Python Multiprocessing with discomp

Discomp (Dis.co multiprocessing Python package) is a package that distributes computing jobs using the disco service with an API similar to the multiprocessing Python package. In many cases it can act as a drop-in replacement.

Installing discomp

  1. Install the CLI. For more details, see Using the CLI.

  2. Sign up for an account. See details at Quick Start Guide.

  3. Install the discomp package:

    pip install discomp
    # For python 3
    pip3 install discomp

Usage

You go on writing your Python script as if you were using the PyPI multiprocessing Python package but instead of importing the process and pool modules from multiprocessing, you import them from discomp.

Set up the environment variables using credentials for your Dis.co account (see the examples below).

Classes

discomp.Process

class discomp.Process(name, target, args=())

Instantiating the Process class creates a new job with a single task in a 'waiting state' and submits it to disco computing service

Arguments

name

The job's name. The name is a string used for identification purposes only. It does not have to be unique.

target

The callable object to be invoked by the running job.

args

The argument tuple for the target invocation. By default, no arguments are passed to target.

Methods

start()

Start running the job on one of the machines .

This must be called at most once per process object.

join(timeout=None)

Blocks the calling thread until the job is done.

Upon successful completion of the job, results files are downloaded to a new directory, named <job>, within the working directory.

Currently, timeout must always be 'None'.A process should be joined at most once. A job may already be done by the time Pool.join was called. However, the results are downloaded only upon calling Pool.join.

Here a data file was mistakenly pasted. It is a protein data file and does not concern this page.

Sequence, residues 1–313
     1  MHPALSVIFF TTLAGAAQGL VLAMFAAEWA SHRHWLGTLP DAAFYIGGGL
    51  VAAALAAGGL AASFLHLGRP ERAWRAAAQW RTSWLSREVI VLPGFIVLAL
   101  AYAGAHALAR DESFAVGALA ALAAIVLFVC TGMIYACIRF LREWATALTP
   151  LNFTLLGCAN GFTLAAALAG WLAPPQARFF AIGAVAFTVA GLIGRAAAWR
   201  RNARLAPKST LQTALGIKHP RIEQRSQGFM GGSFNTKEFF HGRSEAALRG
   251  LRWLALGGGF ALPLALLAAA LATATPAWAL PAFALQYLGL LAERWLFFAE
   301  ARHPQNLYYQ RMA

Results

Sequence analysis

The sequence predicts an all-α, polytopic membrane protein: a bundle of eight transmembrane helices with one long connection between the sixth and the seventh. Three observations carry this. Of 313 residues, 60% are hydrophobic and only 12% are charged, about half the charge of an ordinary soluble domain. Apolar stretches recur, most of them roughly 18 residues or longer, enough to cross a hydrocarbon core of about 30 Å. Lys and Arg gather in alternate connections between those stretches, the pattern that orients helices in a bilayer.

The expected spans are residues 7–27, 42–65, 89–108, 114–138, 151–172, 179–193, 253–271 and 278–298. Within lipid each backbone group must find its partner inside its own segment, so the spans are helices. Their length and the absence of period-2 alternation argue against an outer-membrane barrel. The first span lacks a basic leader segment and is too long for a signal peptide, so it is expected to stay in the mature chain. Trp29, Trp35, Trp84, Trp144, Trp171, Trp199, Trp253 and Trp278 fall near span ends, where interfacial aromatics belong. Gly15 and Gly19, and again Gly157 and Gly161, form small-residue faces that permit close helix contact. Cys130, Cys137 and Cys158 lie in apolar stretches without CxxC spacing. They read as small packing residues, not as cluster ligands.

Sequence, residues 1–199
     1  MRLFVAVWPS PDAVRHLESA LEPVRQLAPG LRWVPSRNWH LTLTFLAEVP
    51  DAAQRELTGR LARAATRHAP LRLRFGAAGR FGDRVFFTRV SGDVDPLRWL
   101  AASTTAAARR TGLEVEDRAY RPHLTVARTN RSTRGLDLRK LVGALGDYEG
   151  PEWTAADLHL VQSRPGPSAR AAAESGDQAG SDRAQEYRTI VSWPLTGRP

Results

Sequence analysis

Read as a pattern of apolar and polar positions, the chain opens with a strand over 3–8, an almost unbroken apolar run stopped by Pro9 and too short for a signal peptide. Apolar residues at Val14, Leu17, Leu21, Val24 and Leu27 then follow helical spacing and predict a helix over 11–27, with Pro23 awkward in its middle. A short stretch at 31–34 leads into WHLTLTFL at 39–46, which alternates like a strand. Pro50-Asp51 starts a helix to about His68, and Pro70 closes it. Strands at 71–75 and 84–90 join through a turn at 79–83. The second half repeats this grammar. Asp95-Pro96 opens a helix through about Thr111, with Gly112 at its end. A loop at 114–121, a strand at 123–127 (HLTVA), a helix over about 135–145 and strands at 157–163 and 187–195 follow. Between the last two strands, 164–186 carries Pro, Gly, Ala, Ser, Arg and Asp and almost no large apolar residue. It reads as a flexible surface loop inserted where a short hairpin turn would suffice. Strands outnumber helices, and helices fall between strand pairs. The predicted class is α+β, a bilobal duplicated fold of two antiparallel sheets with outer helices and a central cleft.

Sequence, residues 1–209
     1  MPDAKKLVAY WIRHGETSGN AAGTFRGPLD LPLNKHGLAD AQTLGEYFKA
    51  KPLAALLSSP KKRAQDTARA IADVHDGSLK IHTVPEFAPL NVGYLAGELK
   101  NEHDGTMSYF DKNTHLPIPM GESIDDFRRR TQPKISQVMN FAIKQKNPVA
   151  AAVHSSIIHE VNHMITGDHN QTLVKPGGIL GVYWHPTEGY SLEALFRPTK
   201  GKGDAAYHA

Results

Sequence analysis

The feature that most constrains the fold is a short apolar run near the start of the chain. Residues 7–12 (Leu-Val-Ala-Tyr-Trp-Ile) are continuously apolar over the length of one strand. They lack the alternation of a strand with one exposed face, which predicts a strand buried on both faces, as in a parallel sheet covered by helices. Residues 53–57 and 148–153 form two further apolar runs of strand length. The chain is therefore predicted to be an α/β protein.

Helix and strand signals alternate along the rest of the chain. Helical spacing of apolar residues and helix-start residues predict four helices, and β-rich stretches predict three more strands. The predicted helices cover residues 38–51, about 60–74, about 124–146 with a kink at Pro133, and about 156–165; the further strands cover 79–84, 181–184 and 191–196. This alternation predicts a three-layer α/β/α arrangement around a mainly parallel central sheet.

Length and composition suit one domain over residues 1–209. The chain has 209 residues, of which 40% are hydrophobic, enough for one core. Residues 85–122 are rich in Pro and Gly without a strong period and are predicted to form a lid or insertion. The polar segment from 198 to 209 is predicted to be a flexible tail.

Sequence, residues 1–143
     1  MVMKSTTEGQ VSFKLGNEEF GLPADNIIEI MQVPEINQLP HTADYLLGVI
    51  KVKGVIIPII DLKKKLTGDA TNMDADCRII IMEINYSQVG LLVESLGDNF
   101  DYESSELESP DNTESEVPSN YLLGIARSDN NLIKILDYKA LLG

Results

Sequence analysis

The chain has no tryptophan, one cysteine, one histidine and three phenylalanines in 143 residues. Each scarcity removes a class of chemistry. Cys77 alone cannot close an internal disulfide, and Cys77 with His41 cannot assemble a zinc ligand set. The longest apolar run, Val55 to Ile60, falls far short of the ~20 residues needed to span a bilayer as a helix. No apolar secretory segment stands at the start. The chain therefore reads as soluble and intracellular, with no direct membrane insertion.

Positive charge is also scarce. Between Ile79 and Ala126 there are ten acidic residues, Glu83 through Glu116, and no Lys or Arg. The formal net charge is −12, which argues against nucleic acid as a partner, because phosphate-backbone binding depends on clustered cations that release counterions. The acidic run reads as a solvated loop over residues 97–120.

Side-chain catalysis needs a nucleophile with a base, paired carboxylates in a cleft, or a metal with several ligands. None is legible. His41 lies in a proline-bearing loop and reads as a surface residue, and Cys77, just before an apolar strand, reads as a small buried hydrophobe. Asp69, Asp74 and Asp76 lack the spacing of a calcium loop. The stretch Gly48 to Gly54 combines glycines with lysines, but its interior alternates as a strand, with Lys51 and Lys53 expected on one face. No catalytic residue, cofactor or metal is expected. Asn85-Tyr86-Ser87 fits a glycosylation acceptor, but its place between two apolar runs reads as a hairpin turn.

discomp.Pool

class discomp.Pool(processes=None)

Instantiating the Pool class creates and object to be later used to run a job with one or more tasks executed in many machines, by invoking it's map() method. The Pool class does not take any arguments and has no control on the number of machines used to run the job tasks. The number of machines are determined separately.

Methods

map(func, iterable, chunksize=None)

Pool.map applies the same function, func to many sets of arguments.

It creates a job that runs each set of arguments as a separate task on one of the machines in the "pool". It blocks until the result is ready (meaning, until all the tasks in the job are done). The results are returned in the original order (corresponding to the order of the arguments).

Job-related files (in addition to script, input, and config files that were used to run the task) are downloaded automatically when the job is done, under a directory named <func>, within the working directory.

The function's arguments should be provided an iterable.

starmap(func, iterable, chunksize=None)

Pool.starmap is similar to Pool.map but it can apply the same function to many sets of multiple arguments.

The function's arguments should be provided an iterable. Elements of the iterable are expected to be iterables as well that are unpacked as arguments.

Hence an iterable of [(1,2), (3, 4)] results in [func(1,2), func(3,4)].

Process Example

A basic example using the Process class:

import os
from discomp import Process
os.environ['DISCO_LOGIN_USER'] = 'username@mail.com'
os.environ['DISCO_LOGIN_PASSWORD'] = 'password'
def func(name):
print ('Hello', name)
p = Process(
name='MyFirstJobExample',
target=func,
args=('Bob',))
p.start()
p.join()

Output:

Pool Example

A basic example using the Pool class:

import os
from discomp import Pool
os.environ['DISCO_LOGIN_USER'] = 'username@mail.com'
os.environ['DISCO_LOGIN_PASSWORD'] = 'password'
def pow3(x):
print (x**3)
return (x**3)
p = Pool()
results = p.map(pow3, range(10))
print(results)

Output: